Religious leaders, such as those from the conservative Jamaat-e-Islami and JUI-Fazal political parties, also view U.S. support for Qadri as akin to the U.S., Israeli, and Indian nexus that they perceive to be involved in virtually all incidents of terrorism in Pakistan.

And what do the Pakistani people think of Qadri? Despite all the corruption, inefficiency, inflation, the energy crisis, and lawlessness, many from the middle and educated classes do not want another military takeover.

One potentially positive outcome of Qadri's rise to prominence is the fact that many of the country's opposition politicians set aside past differences and gathered at the Raiwand residence of opposition leader Nawaz Sharif in Lahore on January 16. They subsequently released a joint statement saying that elections must be held in a timely manner without any interference from undemocratic forces.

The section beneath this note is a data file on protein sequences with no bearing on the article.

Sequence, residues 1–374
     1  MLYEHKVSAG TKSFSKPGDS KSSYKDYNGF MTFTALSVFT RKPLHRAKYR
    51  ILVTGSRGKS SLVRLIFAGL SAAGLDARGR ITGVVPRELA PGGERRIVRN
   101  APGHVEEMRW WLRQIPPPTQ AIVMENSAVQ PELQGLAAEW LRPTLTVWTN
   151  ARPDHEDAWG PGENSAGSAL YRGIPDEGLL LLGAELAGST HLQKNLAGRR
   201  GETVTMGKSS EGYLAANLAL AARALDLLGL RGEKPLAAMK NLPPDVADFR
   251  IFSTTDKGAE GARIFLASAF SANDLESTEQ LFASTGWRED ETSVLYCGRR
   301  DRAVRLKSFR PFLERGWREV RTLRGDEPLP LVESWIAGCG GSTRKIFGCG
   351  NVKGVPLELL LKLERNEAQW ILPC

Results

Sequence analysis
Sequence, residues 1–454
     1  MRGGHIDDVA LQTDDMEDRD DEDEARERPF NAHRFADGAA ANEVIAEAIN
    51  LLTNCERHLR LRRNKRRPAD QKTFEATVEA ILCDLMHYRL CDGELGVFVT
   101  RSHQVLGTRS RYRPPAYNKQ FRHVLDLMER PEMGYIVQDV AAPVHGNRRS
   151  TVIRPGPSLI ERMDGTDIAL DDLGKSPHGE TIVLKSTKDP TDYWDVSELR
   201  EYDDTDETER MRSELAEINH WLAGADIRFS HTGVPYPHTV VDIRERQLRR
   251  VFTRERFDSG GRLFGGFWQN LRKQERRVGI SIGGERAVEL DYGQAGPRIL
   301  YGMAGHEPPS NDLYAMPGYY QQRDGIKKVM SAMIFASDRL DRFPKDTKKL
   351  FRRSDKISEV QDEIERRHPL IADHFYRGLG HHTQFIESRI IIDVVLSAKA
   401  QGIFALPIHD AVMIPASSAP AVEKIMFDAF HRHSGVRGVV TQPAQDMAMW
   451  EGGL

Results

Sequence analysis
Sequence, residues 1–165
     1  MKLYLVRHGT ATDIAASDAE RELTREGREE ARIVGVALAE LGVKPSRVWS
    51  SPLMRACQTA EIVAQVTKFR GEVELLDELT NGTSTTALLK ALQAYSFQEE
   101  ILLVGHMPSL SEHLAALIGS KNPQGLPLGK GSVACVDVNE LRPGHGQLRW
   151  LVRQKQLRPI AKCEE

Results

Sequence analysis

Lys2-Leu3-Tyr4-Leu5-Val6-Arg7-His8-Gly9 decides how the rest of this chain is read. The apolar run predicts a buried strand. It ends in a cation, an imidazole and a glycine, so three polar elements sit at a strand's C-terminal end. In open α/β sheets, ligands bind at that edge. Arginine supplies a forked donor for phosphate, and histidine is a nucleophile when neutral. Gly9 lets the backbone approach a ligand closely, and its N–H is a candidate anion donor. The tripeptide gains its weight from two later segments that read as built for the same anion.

There are some who see this development as a sign that Pakistani politics is becoming more mature, which could act as a buffer against undue interference and the early dissolution of representative assemblies. As Sharif put it: "The failure of the government can’t be construed as the failure of democracy."

With parliamentary elections now just a few months away, opposition leaders have also advised Qadri and his supporters to wait until election day to push their agenda by trying their luck at the polls.

-- Daud Khattak